MSU’s Snyder holding April book signings for ‘Gatsby’s Oxford’

Faint image of a woman hovering over buildings in Oxford, England

Contact: Sasha Steinberg

STARKVILLE, Miss.—The founding dean of Mississippi State’s Judy and Bobby Shackouls Honors College is holding a 4 p.m. signing session for his latest work Friday [April 5] at Book Mart and Café on Main Street in Starkville.

“Gatsby’s Oxford—Scott, Zelda, and the Jazz Age Invasion of Britain: 1904-1929” is Christopher A. Snyder’s ninth book. In addition to Friday’s event, Snyder will be available to sign books April 13 at noon in the Writers Tent at Starkville’s Cotton District Arts Festival.

Recently published by Pegasus Books, “Gatsby’s Oxford” has been highly praised by Publishers Weekly for offering “a fresh reading of (F. Scott) Fitzgerald’s masterpiece (“The Great Gatsby”) as a novel about the American Dream, wrapped in medieval colors.”

The book chronicles the experiences of Americans in Oxford through the Great War and the years of recovery to 1929, the end of Prohibition and the beginning of the Great Depression.

“This period is interpreted through the pages of ‘The Great Gatsby,’ producing a vivid cultural history,” Snyder said.

Also a professor of European history in the MSU College of Arts and Sciences’ Department of History, Snyder said a diverse group of Americans—poet T.S. Eliot, polo star Tommy Hitchcock, and F. Scott and Zelda Fitzgerald—came to Oxford in the first quarter of the 20th century, or the Jazz Age, when the Rhodes Scholar program had just begun and the Great War had enveloped much of Europe.

This visit, Snyder said, inspired Fitzgerald to create Jay Gatsby, “the Oxford man in the pink suit” who represents a “cultural reflection of the aspirations of many Americans who came to the University of Oxford seeking beauty, wisdom and social connections.”

Chris Snyder (Photo by Megan Bean)

“Archival material covering the first American Rhodes Scholars who came to Oxford during Trinity Term 1919—when Jay Gatsby claims he studied at Oxford—enables the narrative to illuminate a detailed portrait of what a ‘historical Gatsby’ would have looked like, what he would have experienced at the postwar university, and who he would have encountered around Oxford—an impressive array of artists including Eliot, W.B. Yeats, Virginia Woolf, Aldous Huxley, Evelyn Waugh, Winston Churchill, J.R.R. Tolkien and C.S. Lewis,” Snyder said.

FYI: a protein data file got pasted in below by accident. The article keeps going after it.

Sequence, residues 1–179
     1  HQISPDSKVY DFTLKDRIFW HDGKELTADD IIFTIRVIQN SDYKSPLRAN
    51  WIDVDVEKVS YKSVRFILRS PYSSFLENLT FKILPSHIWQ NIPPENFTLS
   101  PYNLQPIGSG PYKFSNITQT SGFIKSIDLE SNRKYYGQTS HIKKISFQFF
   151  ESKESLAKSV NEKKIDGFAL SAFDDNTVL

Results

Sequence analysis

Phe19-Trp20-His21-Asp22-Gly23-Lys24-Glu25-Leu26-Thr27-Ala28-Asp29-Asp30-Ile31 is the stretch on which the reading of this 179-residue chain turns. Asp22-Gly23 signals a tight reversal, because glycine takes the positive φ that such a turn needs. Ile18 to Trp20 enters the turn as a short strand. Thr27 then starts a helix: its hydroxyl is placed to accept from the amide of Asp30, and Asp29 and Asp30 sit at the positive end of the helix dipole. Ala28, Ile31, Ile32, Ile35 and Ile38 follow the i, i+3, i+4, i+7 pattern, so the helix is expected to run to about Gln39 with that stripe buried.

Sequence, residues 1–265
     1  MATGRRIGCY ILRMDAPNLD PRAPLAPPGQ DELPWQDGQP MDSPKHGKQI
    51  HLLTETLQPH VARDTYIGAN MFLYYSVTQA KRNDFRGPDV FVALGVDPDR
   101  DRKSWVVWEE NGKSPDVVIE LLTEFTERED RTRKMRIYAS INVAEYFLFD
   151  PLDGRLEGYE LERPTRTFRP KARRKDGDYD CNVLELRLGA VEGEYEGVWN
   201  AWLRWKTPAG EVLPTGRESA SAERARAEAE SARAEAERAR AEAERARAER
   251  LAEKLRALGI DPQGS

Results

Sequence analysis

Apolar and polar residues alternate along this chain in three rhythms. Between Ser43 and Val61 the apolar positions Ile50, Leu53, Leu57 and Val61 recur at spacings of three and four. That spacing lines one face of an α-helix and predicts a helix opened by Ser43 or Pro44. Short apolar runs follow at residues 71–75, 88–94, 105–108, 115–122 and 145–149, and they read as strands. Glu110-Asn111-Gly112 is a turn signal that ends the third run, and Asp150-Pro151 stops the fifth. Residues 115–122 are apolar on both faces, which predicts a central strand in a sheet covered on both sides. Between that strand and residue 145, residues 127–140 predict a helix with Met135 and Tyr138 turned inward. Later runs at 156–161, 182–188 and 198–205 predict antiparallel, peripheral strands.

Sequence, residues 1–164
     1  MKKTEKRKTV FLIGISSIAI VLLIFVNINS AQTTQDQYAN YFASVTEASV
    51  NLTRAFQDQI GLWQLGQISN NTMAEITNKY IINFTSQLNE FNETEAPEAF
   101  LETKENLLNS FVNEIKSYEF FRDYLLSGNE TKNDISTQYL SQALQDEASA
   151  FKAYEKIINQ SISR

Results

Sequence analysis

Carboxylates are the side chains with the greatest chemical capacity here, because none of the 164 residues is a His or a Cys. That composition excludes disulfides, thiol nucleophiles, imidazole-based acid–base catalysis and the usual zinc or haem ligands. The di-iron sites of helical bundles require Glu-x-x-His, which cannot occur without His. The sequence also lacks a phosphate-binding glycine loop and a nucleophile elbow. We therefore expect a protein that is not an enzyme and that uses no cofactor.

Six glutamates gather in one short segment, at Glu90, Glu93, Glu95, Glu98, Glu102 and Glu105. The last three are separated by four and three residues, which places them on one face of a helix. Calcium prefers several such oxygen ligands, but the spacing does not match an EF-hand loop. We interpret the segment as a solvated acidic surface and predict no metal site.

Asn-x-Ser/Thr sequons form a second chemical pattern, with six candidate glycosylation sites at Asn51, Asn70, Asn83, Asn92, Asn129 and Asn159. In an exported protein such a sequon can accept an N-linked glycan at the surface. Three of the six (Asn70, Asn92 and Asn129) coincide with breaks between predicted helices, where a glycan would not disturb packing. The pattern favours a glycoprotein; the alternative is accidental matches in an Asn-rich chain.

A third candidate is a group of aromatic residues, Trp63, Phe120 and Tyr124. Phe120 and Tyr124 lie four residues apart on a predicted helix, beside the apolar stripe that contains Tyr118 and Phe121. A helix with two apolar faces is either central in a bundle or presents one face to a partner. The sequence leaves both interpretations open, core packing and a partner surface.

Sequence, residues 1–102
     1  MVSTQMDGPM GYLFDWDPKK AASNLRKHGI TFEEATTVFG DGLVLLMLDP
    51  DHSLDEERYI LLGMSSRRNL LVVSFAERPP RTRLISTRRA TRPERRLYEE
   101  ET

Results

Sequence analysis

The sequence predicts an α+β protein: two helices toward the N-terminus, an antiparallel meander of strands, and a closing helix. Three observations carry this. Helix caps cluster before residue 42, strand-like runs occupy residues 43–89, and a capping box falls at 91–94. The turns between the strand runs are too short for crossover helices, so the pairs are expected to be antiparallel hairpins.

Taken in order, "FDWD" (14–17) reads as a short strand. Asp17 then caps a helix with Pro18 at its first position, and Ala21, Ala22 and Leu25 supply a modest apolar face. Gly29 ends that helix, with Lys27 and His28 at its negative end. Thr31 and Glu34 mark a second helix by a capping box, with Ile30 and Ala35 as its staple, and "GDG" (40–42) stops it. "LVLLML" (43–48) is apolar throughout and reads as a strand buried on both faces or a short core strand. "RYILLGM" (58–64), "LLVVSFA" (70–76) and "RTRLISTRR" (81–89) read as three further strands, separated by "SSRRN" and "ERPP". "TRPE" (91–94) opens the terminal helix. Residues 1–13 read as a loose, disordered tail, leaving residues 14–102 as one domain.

One of these Americans, Snyder said, was Major William M. Rogers (Mississippi and St. John’s 1911), Mississippi State’s first Rhodes Scholar. Rogers was a hero at the Western Front during World War I and was put in charge of bringing 150 soldier-students to Oxford for five months during the Armistice. Jay Gatsby confesses to have been part of this project in the novel, Snyder explained.

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Snyder, who holds master’s and doctoral degrees in medieval history from Emory University, has lectured American honors students since 2007 at the University of Oxford. He conducted seven years of research at the historic institution for his book, “The Making of Middle-earth: A New Look Inside the World of J.R.R. Tolkien” (Sterling Publishing, 2013). He also frequently lectures at the Smithsonian Institution and has appeared on the History Channel, Discovery, the National Geographic Channel, and the BBC. Snyder is a member of the prestigious Phi Beta Kappa Society, which established a new chapter at MSU on Tuesday [April 2].

Learn more about MSU’s Judy and Bobby Shackouls Honors College at; the College of Arts and Sciences and its Department of History at and

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